Young Edwards moved with his family from West Virginia to Ohio. Here, his father farmed for New York Coal Company, Inc. In the ’60s, his family had the opportunity to buy the farm, and the land has been in their name ever since.

 

The family grew corn and raised pigs, chickens and cattle. The land had four silos, three barns and a pond, and the young kids played on the property.

 

“It was a working farm,” Elliott says.

 

But Elliott says her dad “hated” farming. In the 1950s, Edwards left for the military. From there, she says he began working in telecommunications—the start of a new chapter.

 

In 1952, Edwards founded Nelsonville TV Cable, a business that started small and has persisted through the years, transforming with the digital times.

 

“When he first opened the cable company there were seven or eight of them,” Elliott says. “He whittled it down to just him.”

 

Today, Nelsonville TV Cable is one of just a few cable and internet providers in the county, and one of two providers who offer coverage to most of the area, next to AT&T U-verse.

 

Edwards had a knack for keeping his businesses running. Ultimately, though, the goal was to keep providing for his kids.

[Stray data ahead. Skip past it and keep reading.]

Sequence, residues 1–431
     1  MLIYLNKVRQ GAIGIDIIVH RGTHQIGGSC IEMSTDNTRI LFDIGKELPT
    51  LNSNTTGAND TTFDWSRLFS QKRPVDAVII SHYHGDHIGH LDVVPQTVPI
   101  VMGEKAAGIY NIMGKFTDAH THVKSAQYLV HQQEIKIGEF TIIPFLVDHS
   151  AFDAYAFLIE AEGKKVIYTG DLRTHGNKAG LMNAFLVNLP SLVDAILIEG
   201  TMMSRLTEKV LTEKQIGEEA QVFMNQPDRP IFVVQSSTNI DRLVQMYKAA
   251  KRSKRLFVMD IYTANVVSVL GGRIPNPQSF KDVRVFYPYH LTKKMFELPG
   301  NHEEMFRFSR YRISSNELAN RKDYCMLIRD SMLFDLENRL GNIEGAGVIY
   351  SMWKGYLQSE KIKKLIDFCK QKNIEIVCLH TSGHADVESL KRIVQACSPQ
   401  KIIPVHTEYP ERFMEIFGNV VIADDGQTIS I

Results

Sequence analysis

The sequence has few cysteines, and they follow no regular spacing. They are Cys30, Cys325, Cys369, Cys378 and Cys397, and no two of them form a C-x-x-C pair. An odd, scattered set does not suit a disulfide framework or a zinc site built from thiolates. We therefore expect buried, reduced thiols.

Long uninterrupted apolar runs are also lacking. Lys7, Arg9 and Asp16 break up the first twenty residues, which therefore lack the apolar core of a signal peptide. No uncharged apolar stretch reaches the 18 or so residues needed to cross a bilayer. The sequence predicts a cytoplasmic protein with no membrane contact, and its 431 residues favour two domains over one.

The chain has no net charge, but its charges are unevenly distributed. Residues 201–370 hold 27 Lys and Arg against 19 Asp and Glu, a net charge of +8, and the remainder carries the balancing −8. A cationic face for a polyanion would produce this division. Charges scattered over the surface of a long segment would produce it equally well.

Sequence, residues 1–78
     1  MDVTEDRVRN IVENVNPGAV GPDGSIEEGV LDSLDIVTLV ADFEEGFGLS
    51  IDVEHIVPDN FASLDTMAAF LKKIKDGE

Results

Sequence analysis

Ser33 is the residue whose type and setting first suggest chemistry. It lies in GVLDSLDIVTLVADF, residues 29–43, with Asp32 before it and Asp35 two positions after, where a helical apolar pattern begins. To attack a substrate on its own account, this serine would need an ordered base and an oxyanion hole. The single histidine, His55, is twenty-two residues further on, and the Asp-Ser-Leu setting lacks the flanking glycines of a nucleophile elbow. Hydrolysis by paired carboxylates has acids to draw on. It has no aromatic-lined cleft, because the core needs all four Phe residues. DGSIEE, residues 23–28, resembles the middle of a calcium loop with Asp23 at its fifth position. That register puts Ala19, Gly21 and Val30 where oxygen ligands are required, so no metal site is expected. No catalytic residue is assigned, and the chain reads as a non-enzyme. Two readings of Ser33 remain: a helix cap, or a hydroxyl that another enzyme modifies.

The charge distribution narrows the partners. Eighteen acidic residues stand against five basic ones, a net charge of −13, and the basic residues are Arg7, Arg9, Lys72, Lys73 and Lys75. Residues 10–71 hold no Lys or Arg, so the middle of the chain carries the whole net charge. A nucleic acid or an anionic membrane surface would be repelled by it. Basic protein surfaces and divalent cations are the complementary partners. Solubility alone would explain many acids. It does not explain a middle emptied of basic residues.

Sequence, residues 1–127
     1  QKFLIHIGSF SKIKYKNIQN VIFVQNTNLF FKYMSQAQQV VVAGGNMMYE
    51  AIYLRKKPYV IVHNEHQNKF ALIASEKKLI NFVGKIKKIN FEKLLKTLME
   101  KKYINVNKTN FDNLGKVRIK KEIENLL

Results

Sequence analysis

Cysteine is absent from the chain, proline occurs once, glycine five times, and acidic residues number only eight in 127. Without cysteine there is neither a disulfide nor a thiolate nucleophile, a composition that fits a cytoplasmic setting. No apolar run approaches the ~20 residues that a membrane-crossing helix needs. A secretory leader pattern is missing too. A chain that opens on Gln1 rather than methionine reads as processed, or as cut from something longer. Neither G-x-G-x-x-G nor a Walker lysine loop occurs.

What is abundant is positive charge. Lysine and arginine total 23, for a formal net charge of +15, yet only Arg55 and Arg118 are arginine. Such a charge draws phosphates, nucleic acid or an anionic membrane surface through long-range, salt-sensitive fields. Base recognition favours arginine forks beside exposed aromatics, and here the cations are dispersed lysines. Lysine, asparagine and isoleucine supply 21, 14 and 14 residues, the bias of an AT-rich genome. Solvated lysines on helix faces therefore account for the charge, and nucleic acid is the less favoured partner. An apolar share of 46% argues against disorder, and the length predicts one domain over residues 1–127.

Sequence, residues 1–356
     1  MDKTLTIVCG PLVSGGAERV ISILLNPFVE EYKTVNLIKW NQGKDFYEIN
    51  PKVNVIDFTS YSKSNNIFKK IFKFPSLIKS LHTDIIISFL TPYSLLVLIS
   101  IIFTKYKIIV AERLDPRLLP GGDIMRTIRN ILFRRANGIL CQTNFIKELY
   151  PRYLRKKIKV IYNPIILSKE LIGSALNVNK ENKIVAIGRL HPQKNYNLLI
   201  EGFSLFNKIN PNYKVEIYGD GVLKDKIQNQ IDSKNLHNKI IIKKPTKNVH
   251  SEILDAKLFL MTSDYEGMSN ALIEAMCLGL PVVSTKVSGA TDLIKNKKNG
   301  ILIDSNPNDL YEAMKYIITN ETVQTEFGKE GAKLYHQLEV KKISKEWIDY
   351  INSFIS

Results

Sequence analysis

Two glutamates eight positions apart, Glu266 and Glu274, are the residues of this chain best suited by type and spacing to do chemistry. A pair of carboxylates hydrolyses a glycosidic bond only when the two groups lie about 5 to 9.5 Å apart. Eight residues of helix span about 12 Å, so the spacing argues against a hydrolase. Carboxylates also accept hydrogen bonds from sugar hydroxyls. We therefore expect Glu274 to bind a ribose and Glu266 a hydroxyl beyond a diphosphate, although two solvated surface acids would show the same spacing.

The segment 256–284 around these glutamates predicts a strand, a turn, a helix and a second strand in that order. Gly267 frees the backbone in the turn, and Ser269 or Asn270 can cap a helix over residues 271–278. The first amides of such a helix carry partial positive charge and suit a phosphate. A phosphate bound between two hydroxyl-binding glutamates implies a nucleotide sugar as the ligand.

When Elliott was young, her father opened a single-screen drive-in theater. Due to legal restrictions, this first theater could only play one film at a time, for multiple days.

 

Edwards soon bought another business, a multi-screen Majestic chain theater, and started making plans for the future.

 

“When they had the Majestic, he’d take my kids on Saturdays and go to different movie theaters everywhere to look at tilling and, you know, just trying to design this place,” Elliott says.

 

The Movies 10 was Edwards’ brain child and after his father passed, leaving the farm behind, his plans to build a theater on the land began.

 

“He had this land and he wanted to find a way of making a living,” Elliott says.

 

Her father loves movies, and his decision to open the Movies 10 was the product of dedication and hard work.